Subject: Black Insect
Location: Grenada, Caribbean
January 20, 2016 5:42 pm
Saw this bug in my room one night, was wondering what it was with its curious antennae.
Signature: donnwestt

Click Beetle, we believe

Click Beetle, we believe

Dear donnwestt,
We believe this is a Click Beetle in the family Elateridae, and though we can link to similar looking individuals with feathered antennae from other countries like this Click Beetle from Uganda or this Click Beetle from Los Angeles, we have not been able to locate any similar looking individuals from the Caribbean or South America.  We would not rule out that it might be a Feather Horned Beetle in the family Callirhipidae like this individual pictured on ShutterAsia.  We will attempt to do more research on your beetle including getting an opinion from Eric Eaton.

What's That Bug? does not endorse extermination

Subject: Big beetle
Location: Baja California Sur
November 6, 2015 5:01 pm
Can you please tell me what this is? It landed in our backyard in San Jose del Cabo, Mexico.
Signature: Cheryl Connors

Click Beetle

Click Beetle

Dear Cheryl,
This is a Click Beetle in the family Elateridae, and it resembles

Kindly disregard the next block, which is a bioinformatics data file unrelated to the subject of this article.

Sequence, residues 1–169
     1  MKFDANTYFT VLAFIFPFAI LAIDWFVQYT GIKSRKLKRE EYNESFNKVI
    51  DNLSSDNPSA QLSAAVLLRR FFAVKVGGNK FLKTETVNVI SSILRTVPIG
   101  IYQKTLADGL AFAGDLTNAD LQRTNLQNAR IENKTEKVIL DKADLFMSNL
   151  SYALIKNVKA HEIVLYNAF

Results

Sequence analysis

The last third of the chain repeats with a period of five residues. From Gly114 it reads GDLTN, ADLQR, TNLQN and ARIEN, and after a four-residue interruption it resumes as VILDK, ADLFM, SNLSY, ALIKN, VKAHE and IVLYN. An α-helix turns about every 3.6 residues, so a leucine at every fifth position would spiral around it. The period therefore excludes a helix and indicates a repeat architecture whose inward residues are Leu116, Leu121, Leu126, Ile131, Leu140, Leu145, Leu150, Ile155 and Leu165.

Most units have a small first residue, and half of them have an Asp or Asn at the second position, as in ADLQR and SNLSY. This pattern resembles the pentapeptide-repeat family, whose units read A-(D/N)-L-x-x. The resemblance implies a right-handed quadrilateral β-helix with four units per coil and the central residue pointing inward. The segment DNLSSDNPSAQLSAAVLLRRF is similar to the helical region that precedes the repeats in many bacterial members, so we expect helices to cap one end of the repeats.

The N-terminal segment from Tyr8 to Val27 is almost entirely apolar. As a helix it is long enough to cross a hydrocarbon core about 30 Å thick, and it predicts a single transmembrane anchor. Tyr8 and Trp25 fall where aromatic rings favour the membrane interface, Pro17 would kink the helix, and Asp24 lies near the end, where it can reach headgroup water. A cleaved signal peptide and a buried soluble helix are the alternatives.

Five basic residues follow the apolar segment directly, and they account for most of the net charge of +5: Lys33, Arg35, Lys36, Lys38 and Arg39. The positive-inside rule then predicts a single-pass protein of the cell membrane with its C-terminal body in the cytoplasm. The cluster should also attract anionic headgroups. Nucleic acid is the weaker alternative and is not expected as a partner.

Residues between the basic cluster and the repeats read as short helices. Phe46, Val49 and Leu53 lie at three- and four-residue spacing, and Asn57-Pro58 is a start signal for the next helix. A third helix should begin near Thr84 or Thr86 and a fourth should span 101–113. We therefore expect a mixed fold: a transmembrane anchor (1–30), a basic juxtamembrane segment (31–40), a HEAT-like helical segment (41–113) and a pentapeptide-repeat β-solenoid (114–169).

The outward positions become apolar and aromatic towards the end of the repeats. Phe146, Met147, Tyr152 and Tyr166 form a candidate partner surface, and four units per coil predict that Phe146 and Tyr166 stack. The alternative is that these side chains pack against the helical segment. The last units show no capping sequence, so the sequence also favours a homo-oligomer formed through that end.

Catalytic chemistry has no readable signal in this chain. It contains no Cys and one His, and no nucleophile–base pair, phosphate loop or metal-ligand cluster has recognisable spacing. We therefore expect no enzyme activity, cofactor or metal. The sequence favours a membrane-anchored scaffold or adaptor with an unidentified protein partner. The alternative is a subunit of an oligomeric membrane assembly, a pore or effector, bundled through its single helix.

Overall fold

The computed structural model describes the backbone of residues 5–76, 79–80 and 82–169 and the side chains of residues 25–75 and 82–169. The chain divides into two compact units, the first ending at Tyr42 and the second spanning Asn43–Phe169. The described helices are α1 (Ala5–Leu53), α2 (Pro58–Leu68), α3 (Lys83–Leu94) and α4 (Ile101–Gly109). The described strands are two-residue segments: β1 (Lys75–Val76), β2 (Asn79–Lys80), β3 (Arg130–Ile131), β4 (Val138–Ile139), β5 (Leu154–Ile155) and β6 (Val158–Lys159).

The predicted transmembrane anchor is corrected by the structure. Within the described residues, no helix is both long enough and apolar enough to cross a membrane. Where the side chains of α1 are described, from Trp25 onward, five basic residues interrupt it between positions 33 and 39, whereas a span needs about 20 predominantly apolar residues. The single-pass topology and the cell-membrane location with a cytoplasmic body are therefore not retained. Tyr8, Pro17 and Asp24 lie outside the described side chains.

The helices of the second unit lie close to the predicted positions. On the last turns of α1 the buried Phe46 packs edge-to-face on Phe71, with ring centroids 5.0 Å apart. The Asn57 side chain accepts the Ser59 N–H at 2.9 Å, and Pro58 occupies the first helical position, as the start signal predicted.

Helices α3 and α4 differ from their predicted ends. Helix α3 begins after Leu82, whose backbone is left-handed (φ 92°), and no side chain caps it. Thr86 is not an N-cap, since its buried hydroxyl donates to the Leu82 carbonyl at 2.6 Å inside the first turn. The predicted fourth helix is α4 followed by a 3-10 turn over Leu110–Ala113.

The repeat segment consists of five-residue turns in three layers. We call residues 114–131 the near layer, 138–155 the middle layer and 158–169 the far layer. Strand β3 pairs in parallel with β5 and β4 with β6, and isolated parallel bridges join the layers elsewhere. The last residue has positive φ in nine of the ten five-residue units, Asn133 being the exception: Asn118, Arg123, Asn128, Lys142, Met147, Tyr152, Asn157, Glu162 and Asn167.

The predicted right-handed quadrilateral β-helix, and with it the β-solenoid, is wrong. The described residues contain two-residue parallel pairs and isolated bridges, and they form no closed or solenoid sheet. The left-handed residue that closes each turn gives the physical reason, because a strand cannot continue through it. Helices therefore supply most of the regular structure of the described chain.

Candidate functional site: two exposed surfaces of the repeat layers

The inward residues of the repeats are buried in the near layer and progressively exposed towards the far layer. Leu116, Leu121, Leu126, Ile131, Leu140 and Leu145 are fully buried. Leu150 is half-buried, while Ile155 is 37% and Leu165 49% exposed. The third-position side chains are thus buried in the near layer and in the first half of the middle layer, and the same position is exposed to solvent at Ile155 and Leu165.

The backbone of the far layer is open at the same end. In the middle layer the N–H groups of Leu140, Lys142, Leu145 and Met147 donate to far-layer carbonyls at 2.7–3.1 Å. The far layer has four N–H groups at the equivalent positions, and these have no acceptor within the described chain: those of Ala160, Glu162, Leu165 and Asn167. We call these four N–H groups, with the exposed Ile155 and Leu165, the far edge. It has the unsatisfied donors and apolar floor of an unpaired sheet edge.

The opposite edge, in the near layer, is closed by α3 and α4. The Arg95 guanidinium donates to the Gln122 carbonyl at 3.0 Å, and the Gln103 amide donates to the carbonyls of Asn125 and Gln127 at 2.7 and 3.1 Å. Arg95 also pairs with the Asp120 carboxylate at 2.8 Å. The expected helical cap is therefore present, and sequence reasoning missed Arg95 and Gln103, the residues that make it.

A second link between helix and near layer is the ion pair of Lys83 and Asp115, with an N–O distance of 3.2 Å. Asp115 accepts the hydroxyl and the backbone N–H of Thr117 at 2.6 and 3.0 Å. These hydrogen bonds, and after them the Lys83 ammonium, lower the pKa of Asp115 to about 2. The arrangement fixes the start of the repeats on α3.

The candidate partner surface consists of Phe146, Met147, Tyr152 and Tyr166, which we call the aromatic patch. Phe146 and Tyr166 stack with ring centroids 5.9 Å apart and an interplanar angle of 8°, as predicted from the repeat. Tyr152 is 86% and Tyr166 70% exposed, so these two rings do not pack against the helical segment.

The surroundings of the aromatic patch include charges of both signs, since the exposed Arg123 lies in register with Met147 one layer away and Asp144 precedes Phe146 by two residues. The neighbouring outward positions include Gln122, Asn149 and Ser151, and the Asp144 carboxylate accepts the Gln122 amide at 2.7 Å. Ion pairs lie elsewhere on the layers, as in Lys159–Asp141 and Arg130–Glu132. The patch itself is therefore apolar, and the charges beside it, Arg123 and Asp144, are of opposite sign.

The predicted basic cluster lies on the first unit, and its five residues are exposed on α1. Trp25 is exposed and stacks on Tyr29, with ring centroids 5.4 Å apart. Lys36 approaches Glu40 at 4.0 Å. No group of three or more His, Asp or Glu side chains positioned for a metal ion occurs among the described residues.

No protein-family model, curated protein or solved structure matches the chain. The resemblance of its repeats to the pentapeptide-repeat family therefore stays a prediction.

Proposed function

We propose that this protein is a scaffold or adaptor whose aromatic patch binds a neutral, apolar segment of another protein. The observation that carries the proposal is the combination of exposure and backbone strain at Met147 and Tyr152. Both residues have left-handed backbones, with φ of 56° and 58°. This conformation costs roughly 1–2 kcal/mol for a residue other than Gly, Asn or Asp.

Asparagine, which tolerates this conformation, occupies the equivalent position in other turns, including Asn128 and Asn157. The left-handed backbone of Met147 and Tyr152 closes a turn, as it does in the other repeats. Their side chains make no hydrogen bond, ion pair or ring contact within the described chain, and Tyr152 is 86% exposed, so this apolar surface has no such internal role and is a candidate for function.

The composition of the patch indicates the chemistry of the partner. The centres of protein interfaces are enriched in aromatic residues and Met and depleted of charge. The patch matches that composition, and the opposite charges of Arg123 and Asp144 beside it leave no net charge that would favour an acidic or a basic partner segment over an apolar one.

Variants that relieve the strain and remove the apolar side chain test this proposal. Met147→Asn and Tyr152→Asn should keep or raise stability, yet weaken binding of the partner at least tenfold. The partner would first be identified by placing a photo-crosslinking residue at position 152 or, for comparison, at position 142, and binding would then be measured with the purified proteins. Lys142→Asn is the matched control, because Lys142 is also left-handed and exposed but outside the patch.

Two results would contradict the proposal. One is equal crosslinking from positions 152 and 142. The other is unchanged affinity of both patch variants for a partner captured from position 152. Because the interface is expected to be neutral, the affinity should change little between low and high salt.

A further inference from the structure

Ampedus sanguinipennis that is pictured on BugGuide.  We suspect it may be a member of the same genus.

Update:  Ruby Click Beetle
Thanks to a comment from coleopterist Dr. Arthur Evans, we now know that this is the Ruby Click Beetle,
Chalcolepidius rubripennis, a species depicted on Whole Sale Insects.

What's That Bug? does not endorse extermination

Subject: Unknown Beautiful Creey Crawly
Location: Forest Lake, MN
November 1, 2015 8:33 pm
Hey, Dan! I hope this finds you and your family doing well!
I was at a friends house today and they were splitting old Red Oak for the winter. We came across this beauty, burrowed what looked like about 4 inches into the tree trunk. It’s about 2 inches long. I’m sorry I didn’t get a photo of it when it came out of the hole eventually. I thought I got enough photos but I guess not. Do you have any idea what it could be? I usually check your site before I ask, but I don’t know if it’s larvae, pupae, or what. We are all dying to find out! I feel bad that it’s probably now going to die, but perhaps an opossum with find a tasty meal.
Signature: carpwoman

Beetle Grub

Beetle Grub

Dear Carpwoman,
This is some species of Beetle Grub, and we followed up on our initial suspicion that this might be the larva of an Eyed Elater, and we believe we are correct.  Images on both BugGuide and Bug Eric confirm our suspicions.  According to Bug Eric:  “Larvae of all Alaus species live in decaying wood where they prey on the larvae and pupae of other kinds of beetles.  These ginat ‘wireworms’ have strong jaws and should be handled carefully, if at all.”  According to BugGuide:  ” larvae in decaying hardwood or pine wood, esp. in decaying roots.  Food Larvae feed on larvae and pupae of various insects, esp. beetles.”  The much more commonly encountered adult form of the Eyed Elater or Eyed Click Beetle is a large beetle with false eyespots.

Thank you for such a speedy response!  It’s nice to see this beautiful grub would have (hopefully still will) turned into such a cool beetle.
Joanne

 

What's That Bug? does not endorse extermination